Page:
Sports Breakdown: Track and Field

OSU Track and Field athlete Rebecca Ledsham runs in a race while representing the Beavers in the 2019-20 season. 

Track and field is a sport that includes athletic competitions based on the skills of running, throwing and jumping. 

Competitions in track and field are called meets and are usually held outdoors, with the running events taking place on a 400-meter oval track and the field events of throwing and jumping taking place inside or nearby the oval. These events usually take place simultaneously. 

Running events vary in length, with sprints–short races in which acceleration and speed are important–usually between 100 and 400 meters in length. Middle and long-distance races also occur, with runners making multiple laps around the circuit. 

Relay races are the only track and field event where teams of athletes compete directly against each other. Teams are generally comprised of four runners who compete a specified distance before handing over a baton to a teammate.

In throwing events, athletes attempt to throw items such as a discus, hammer, javelin or a heavy ball, called a shot, as far as possible. Jumping events include the High Jump, Long Jump, Pole Vault, and Triple Jump. 

Track and field is one of the oldest sports in the world. In ancient times, athletic contests were often held in conjunction with religious festivals and events such as the ancient Olympic Games in Greece. The first modern Olympics were staged in 1896.



Baton: A hollow tube that is passed between runners in relay races.

Bell Lap: The final lap of a multi-lap race, named because a bell is run to notify runners of the last lap.

Changeover: The exchange of the baton from one runner to the next in a relay race.

Discus: A throwing event where a metal disc is thrown for distance.

Field Event: A jumping or throwing event.

Hammer: A throwing event where a large heavy ball connected to a handle with a long chain is thrown for distance. 

High Jump: A jumping event where athletes must clear a high bar without knocking it over by jumping. 

Hurdle: An obstacle on the track during a race that competitors must jump over while running.

Javelin: An event in which a sphere-like javelin is thrown for distance.

Lap: One complete rotation around the track. Also, to overtake a runner who is one or more laps behind.

Long Jump: A jumping event in which athletes compete for the longest jump in distance.

Pole Vault: A jumping event where a long pole is used to propel a jumper to great heights. 

Sand Pit: An area in a jumping event in which an athlete lands.

Shot Put: A throwing event where a heavy ball is thrown for distance.

Starting Blocks: Two blocks mounted on an adjustable frame that provides a sprinter with a surface to brace their feet at the start of a race.

Steeplechase: A middle to long-distance run with obstacles including high hurdles and water.

Triple Jump: A jumping event with three distinct phases to jump including a hop, a step, and a jump.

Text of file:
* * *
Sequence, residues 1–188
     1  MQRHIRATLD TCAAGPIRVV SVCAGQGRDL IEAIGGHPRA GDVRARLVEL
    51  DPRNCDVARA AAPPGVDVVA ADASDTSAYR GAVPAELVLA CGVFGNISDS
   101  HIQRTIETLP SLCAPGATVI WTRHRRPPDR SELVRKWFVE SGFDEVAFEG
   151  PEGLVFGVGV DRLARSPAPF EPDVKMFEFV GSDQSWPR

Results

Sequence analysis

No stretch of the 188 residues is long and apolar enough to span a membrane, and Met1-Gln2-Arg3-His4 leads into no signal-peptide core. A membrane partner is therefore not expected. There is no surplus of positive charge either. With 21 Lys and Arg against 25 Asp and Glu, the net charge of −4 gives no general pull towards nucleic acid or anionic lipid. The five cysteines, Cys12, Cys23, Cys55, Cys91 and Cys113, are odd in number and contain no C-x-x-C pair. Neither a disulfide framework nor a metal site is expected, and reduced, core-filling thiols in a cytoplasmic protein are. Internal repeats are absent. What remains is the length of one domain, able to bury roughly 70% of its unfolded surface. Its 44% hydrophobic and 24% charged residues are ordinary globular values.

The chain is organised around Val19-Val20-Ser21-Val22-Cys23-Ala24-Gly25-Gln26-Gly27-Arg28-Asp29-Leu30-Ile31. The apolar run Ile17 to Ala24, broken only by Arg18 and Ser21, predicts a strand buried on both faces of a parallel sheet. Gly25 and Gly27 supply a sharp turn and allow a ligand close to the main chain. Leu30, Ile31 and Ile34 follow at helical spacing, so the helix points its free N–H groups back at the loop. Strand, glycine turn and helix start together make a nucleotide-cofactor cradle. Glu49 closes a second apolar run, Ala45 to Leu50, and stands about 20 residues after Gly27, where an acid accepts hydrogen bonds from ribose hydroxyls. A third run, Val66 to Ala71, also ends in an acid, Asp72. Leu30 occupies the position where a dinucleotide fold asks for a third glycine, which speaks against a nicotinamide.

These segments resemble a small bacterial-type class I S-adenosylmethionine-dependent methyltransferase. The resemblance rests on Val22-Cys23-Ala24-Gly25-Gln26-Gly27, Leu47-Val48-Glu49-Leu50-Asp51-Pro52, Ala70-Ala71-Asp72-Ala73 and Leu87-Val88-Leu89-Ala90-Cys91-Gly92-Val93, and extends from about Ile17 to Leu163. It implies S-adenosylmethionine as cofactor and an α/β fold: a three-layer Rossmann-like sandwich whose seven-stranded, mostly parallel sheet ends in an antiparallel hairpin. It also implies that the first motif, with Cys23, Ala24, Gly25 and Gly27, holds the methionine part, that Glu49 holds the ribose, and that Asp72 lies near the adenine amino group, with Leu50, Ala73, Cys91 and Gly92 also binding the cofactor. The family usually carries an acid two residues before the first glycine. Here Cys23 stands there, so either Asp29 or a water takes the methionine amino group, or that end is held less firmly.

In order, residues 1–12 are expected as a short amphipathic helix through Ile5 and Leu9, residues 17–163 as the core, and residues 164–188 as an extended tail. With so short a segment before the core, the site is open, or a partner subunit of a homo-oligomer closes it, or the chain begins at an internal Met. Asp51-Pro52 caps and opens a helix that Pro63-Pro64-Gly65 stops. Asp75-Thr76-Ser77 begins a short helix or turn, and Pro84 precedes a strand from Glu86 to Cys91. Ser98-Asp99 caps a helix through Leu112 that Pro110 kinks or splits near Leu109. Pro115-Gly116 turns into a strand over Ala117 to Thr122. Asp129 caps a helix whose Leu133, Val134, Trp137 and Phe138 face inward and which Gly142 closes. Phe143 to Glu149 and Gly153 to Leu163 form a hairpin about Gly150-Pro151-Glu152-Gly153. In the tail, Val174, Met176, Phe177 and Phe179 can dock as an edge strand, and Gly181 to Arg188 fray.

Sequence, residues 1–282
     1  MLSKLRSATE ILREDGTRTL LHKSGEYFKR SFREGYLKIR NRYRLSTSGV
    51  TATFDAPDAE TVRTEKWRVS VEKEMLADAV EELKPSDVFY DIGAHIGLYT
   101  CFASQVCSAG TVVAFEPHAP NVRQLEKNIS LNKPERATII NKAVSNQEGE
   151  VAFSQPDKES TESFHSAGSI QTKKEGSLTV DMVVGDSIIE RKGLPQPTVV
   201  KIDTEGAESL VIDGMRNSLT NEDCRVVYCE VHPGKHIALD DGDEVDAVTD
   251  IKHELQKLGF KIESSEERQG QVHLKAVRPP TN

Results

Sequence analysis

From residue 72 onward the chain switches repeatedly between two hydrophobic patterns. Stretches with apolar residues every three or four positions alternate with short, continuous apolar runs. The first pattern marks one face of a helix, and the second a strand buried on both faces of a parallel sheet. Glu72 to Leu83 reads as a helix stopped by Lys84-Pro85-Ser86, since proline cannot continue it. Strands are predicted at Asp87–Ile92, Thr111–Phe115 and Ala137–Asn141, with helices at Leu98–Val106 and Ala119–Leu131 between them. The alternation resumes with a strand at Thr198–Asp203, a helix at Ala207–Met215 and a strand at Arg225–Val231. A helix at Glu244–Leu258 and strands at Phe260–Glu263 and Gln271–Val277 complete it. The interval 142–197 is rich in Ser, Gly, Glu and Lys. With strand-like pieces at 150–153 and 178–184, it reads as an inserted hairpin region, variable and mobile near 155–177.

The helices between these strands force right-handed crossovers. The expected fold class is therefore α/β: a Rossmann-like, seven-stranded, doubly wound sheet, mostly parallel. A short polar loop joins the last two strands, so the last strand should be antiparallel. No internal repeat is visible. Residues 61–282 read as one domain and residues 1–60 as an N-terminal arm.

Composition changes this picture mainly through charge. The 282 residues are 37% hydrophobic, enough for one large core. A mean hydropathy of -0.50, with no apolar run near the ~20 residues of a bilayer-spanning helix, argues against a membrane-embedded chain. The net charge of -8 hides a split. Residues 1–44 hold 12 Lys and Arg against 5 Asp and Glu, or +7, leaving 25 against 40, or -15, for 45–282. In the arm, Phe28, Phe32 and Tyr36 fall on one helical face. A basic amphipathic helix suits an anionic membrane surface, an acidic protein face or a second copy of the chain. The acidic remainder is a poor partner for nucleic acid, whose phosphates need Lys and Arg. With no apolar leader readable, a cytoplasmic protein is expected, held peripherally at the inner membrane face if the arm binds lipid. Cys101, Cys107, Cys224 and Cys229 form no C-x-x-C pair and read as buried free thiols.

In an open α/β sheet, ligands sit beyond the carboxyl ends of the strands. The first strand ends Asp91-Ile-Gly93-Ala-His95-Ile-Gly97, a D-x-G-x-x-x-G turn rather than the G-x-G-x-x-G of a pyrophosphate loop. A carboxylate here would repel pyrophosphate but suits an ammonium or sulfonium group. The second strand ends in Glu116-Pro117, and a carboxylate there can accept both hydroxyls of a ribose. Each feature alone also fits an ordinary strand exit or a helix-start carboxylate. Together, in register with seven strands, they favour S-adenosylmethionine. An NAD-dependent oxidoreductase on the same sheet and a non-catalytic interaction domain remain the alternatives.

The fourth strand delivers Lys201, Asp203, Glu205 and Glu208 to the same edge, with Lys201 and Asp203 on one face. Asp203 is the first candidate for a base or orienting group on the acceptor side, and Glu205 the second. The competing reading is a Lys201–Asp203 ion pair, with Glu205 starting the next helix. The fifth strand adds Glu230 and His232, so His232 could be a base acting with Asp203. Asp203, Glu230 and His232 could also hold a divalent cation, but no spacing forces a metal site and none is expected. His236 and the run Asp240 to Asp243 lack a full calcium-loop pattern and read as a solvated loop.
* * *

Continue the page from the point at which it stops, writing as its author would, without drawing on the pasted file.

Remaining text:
Notable Athletes: 

Jim Thorpe: Considered by many as the most versatile athlete in modern sports, Thorpe won gold medals in the 1912 Summer Olympics for pentathlon and decathlon, becoming the first Native American to win a gold medal for the United States. Later in his career, Thrope also competed in the National Football Leauge and Major Leauge Baseball. The town in Pennsylvania where his remains are buried is named in his honor.

Jesse Owens: Recognized by The New York Times as “perhaps the greatest and most famous athlete in track and field history,” Owens achieved international fame in the 1936 Summer Olympics in Berlin by winning four gold medals: 100 meters, long jump, 200 meters, and 4×100 relay. The most successful athlete of the games, and as a black man, Owens became a hero by crushing Hitler’s myth of Ayran supremacy. However, despite his heroic achievements in Europe, Owens was still treated as a second-class citizen when he returned to the United States, having to ride in a freight elevator to his reception in New York. Later in life, Owens was awarded the Presidental Medal of Freedom in 1976 by Gerald Ford.

Usain Bolt: This Jamaican sprinter was dubbed “the fastest man in the world,” after winning three gold medals at the 2008 Summer Olympics in Bejing while also becoming the first man in Olympic history to win both the 100 and 200-meter races in record times. At the 2012 Summer Games in London, he won three more gold medals and set an Olympic-record time of 9.63 seconds in the 100-meter event. In his final Olympic appearance in 2016, Bolt won an additional three gold medals. However, he was stripped of his gold in a 4×100 relay race due to a teammate’s doping violation. An 11-time World Athletics Champion, Bolt retired from professional competition following the 2017 World Championships. 

Babe Didrickson Zaharias: Like Thorpe, Didrickson is widely regarded as one of the most versatile athletes of all-time. Born as Mildred Ella Didrickson in 1911, she earned the nickname “Babe,” a reference to baseball legend Babe Ruth, after hitting five home runs in a game as a child. In the 1932 Summer Olympics in Los Angeles, Didrickson set four world records and winning two gold medals in 80m hurdles and javelin throw and one silver medal in the high jump. Doing so, she became the lone Olympic athlete, male or female, to ever win medals for running, throwing and jumping. Following her success in the games, Didrickson took up golf, enjoying a successful career in the LPGA Tour where she won 41 tournaments, including 10 majors. In 1953, Didrickson was diagnosed with colon cancer and publicly advocated cancer awareness until her death in 1956.

Was this article helpful?